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Innovation – From idea generation to implementation

Background
In the previous articles I dealt with planning for innovation.  Planning for innovation is an important step for innovation, but in this article I want to go back to basics.  In the first article in this series, I gave a definition for innovation: “The application of resources to create value for the customer and the enterprise by developing, improving and commercialising new and existing products, processes and services.” This is the long version. Usually when I am in a conversation with someone and it turns to what I do for a living, my answer is based around innovation and then hundred per cent of the time, the next question is “what is innovation?”  I cannot go into a detailed academic discussion in these scenarios, so my ready-to-fire answer is always: “The implementation of creative ideas that add value”. It really is that simple. To prove my point I then usually ask a question in the line of “when was the last time you had a great idea?”  Then with the second question I prove my point: “What did you do about it”…?
Implementation of ideas
Generating creative ideas is only half of the innovation equation, if the idea does not get implemented, that is all it is, an idea.  It has to be implemented and it has to have value to someone in order to deserve the title of innovation.  So why then, if it sounds so simple, do organisations find it so difficult to innovate?  This is not an easy question to answer!  But let me break it up into the two stages, namely generating creative ideas and implementing these ideas.  Researchers of innovation are now acknowledging that innovation encompasses both creativity and idea implementation and that each activity is shaped by different personal and contextual forces.  Research has found that the suggestion of ideas was more highly related to individual (personal and job) characteristics than group and organisational characteristics; whereas the implementation of ideas was more strongly predicted by group and organisational characteristics.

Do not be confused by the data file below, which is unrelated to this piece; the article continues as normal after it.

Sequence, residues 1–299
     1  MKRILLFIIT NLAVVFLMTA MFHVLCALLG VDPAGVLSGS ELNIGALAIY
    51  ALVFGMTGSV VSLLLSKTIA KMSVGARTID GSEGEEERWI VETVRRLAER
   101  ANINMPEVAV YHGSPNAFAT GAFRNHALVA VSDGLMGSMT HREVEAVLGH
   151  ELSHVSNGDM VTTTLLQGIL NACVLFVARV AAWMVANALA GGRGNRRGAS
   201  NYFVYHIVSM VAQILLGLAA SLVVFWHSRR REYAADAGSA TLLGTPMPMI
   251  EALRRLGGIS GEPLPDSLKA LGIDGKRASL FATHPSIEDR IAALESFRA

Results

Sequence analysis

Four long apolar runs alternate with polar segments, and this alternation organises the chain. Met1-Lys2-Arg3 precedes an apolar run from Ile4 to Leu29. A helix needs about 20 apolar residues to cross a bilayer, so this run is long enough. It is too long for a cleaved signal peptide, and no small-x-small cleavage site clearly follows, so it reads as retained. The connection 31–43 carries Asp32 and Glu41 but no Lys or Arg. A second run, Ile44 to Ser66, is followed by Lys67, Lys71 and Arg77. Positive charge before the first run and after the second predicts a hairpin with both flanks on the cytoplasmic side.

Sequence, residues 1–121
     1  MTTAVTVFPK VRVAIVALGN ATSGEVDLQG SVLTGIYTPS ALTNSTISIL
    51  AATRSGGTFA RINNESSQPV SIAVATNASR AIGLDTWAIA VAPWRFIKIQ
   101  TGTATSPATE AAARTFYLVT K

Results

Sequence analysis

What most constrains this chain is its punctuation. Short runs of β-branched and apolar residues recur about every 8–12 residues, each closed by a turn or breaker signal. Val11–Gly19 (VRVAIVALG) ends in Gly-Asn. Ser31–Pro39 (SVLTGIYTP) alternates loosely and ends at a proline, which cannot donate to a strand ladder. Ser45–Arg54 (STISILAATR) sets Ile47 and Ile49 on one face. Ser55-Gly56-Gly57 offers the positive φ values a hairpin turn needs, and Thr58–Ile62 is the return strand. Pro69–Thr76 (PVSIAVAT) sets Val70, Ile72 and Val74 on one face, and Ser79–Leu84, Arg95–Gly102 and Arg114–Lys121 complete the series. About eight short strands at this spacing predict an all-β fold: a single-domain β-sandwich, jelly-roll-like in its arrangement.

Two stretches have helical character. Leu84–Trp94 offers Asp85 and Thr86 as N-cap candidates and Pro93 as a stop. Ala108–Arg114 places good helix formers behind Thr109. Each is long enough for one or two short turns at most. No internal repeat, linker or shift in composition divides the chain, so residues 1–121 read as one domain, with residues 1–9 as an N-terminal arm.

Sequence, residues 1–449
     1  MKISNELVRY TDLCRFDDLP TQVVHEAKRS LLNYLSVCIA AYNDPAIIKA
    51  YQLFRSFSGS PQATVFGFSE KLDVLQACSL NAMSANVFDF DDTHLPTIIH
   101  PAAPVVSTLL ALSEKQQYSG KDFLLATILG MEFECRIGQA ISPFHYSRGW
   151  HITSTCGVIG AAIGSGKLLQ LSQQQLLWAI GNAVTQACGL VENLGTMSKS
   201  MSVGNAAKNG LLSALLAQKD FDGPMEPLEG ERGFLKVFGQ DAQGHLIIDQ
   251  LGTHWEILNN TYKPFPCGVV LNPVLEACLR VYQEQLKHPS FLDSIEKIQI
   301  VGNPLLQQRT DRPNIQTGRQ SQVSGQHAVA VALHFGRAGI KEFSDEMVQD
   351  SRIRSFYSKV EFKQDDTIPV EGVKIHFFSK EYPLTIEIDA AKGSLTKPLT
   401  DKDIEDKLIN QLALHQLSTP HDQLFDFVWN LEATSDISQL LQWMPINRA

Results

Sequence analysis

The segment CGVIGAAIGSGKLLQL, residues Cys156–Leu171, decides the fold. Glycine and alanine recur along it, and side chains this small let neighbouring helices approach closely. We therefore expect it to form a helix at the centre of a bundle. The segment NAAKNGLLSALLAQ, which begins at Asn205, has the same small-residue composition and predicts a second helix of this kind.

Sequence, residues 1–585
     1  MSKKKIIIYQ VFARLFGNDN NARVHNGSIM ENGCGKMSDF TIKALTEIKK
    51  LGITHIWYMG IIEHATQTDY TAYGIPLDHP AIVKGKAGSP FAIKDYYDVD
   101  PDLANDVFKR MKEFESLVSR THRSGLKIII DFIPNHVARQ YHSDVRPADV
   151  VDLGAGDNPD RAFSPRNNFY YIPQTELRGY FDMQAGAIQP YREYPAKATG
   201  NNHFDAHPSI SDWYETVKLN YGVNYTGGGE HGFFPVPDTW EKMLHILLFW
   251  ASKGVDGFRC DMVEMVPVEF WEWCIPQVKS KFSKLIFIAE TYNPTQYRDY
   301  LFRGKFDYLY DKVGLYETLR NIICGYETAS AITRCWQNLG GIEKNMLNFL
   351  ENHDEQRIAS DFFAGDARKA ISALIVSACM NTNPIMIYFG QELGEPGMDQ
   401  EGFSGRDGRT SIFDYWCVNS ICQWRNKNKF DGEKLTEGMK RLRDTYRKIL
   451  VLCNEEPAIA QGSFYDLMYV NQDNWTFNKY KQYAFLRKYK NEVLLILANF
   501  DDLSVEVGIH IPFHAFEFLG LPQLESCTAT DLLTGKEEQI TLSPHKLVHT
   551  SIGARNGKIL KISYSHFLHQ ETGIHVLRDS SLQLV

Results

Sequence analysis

So let us take a look at the two concepts separately.  With regards to creativity, individual creativity has been studied for a long while and by many scholars.  Some progress has been made with regards to understanding this phenomenon, but it still remains a challenge to understand when and how does creativity strike in the form of a new, useful idea to solve a problem or exploit an opportunity.  That being said, I personally believe that people are inherently creative and the bottleneck in organisational innovation is usually not getting the ideas, but the implementation part.  
With regards to implementation, most researchers are of opinion that idea implementation, in contrast to creativity, is primarily a social-political process in organisations.  What does this mean?  Well basically it means that decisions about implementation of ideas are not based on sound reasoning and logic, but it is rather a function of “human nature”.  
But what then are the main factors that influence the implementation of ideas in organisations?  Research on this topic is limited, but in an extensive study done by Axtell and others (Shopfloor innovation: Facilitating the suggestion and implementation of ideas, 2000), it was found that the strongest predictors of implementation were support for innovation and the amount of participation in decision making.  Thus, conditions where employees are allowed and encouraged to develop new ideas and participate in decisions are most likely to facilitate the actual implementation of ideas.  Being “allowed and encouraged to develop new ideas and participate in decisions” is an organisational mind-set, also called the organisational culture or organisational values.  So my argument is that organisational culture is still the main driving force of innovation.   
Next Time
I have set the stage for organisational culture being a key determinant of the probability of ideas reaching the implementation stage – which in fact is innovation, so next time I want to focus on creating an organisational culture that fosters innovation. I conclude with a quote from Thomas Edison: “The value of an idea lies in the using of it”.

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